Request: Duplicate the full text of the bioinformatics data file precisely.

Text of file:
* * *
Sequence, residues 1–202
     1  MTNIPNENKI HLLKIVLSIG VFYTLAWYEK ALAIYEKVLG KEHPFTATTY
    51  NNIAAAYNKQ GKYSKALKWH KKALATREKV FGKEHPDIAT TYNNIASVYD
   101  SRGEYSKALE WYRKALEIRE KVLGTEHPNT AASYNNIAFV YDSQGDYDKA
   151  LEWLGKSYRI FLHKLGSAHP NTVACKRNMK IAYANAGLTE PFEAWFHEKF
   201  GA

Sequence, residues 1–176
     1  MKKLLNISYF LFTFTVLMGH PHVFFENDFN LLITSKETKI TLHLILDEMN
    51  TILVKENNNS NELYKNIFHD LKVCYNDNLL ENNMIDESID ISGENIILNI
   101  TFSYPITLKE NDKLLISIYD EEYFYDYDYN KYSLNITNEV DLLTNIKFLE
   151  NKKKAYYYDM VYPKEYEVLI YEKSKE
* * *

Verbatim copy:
Sequence, residues 1–202
     1  MTNIPNENKI HLLKIVLSIG VFYTLAWYEK ALAIYEKVLG KEHPFTATTY
    51  NNIAAAYNKQ GKYSKALKWH KKALATREKV FGKEHPDIAT TYNNIASVYD
   101  SRGEYSKALE WYRKALEIRE KVLGTEHPNT AASYNNIAFV YDSQGDYDKA
   151  LEWLGKSYRI FLHKLGSAHP NTVACKRNMK IAYANAGLTE PFEAWFHEKF
   201  GA

Sequence, residues 1–176
     1  MKKLLNISYF LFTFTVLMGH PHVFFENDFN LLITSKETKI TLHLILDEMN
    51  TILVKENNNS NELYKNIFHD LKVCYNDNLL ENNMIDESID ISGENIILNI
   101  TFSYPITLKE NDKLLISIYD EEYFYDYDYN KYSLNITNEV DLLTNIKFLE
   151  NKKKAYYYDM VYPKEYEVLI YEKSKE